|Illustration of Alchemilla vulgaris from 1917–1926|
Alchemilla or Lady's Mantle is a perennial plant that flowers in late spring and summer. It is found both in the wild and in cultivated gardens. It especially grows in the colder regions of the north beyond the arctic circle and only on high mountain ranges such as the Himalayas in southern latitudes.
The whole herb can be gathered and dried in June and July when in flower and when the leaves are at their best. It is applied in the form of teas and extracts. The root is sometimes also employed, generally fresh. No side-effects are noted.
It is traditionally used as a woman's healing herb. It contains salicylic acid, which is also found in the bark of the willow tree and the active ingredient in aspirin. It has sedative properties that help to alleviate cramps and painful menstruation. It has astringent properties because of the tannin it contains. It was traditionally seen as one of the best wound herbs. Cuts, scrapes and burns can be treated with skin washes of lady's mantle to prevent infection. A strong decoction of the fresh root has also been recommended as excellent to stop all bleeding.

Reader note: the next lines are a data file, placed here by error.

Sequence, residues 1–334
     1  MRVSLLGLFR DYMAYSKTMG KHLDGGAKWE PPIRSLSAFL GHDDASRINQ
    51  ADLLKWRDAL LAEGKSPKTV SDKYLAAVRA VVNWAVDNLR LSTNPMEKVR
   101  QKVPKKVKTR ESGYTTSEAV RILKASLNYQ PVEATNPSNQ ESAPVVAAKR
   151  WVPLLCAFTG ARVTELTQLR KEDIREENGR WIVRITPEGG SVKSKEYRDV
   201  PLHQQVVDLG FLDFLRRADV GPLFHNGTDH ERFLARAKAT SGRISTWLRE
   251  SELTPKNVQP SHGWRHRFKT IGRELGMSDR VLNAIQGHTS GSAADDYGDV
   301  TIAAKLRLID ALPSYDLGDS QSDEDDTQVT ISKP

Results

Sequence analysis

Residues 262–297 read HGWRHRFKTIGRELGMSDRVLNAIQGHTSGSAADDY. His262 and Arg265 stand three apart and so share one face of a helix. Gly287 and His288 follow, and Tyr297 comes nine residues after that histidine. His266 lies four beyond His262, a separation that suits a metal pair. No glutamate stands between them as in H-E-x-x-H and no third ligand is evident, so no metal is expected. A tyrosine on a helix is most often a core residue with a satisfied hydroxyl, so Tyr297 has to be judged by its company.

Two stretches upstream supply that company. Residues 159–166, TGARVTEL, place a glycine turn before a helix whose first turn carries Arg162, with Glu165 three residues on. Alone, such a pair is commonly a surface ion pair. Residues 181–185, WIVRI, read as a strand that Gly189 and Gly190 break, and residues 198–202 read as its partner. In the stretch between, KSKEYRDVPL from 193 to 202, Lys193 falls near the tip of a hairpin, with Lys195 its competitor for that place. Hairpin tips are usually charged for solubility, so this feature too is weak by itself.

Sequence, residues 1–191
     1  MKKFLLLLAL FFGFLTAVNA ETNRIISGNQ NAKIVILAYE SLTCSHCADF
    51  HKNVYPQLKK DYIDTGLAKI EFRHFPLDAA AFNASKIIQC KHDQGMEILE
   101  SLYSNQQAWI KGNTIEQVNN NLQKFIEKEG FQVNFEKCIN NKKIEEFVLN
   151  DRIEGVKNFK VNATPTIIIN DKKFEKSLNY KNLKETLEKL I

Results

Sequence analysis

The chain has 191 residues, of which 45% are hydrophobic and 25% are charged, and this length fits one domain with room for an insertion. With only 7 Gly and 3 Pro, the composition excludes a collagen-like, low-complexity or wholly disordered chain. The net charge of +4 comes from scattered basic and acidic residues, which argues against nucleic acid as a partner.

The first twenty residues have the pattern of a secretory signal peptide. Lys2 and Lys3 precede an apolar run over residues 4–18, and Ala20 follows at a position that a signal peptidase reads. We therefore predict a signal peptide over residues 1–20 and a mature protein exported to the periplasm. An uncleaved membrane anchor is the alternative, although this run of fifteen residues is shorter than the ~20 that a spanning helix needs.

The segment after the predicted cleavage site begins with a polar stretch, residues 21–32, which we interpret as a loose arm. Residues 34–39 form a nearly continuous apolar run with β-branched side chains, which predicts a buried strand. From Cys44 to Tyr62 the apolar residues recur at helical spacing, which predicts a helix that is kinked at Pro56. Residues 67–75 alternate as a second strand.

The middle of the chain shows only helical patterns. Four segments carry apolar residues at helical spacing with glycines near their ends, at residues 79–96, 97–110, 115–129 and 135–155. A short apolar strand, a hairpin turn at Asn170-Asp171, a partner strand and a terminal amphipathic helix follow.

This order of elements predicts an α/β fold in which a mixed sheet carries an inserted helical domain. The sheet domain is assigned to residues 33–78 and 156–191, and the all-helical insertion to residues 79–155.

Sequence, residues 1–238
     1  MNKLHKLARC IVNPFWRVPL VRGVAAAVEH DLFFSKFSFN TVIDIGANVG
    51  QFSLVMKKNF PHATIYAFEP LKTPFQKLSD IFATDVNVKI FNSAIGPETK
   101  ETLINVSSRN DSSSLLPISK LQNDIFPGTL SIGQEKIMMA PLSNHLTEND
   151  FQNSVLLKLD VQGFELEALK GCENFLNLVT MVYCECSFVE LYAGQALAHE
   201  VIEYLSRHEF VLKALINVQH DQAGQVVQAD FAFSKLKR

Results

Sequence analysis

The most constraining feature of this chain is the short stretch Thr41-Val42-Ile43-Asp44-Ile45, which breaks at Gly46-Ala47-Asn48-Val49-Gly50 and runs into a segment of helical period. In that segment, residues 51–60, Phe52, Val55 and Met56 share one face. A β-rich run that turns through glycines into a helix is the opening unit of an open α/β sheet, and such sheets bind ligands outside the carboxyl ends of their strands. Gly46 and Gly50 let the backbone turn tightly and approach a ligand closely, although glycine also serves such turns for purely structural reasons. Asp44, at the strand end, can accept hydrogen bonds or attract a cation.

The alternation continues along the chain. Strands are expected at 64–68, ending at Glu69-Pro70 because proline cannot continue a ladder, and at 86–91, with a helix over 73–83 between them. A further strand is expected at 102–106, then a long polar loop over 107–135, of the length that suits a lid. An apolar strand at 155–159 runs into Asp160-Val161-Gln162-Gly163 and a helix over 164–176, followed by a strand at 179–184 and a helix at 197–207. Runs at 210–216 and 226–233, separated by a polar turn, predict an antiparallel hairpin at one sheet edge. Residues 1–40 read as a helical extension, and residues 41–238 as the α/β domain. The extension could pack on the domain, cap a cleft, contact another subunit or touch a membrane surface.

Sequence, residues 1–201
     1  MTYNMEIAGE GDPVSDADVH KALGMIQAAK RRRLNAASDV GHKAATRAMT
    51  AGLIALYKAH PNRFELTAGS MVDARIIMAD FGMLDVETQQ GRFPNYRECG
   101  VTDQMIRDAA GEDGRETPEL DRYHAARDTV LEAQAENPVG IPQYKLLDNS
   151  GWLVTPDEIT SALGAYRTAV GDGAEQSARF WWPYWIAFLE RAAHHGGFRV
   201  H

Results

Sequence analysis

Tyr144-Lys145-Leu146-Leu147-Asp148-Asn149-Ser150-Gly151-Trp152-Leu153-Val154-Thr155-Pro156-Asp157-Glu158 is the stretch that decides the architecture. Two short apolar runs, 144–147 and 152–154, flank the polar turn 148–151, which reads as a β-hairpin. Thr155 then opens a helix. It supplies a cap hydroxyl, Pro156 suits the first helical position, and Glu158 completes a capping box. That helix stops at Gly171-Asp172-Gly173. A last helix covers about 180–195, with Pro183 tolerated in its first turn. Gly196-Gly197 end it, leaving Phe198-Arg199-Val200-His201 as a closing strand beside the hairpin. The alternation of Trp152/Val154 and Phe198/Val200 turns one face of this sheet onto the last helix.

- See also Garden Journal for a list with all plants with a garden journal section.
June 19, 2012 - This Lady's Mantle plant grows in my garden since two years. It thrives although it grows in infertile sandy soil.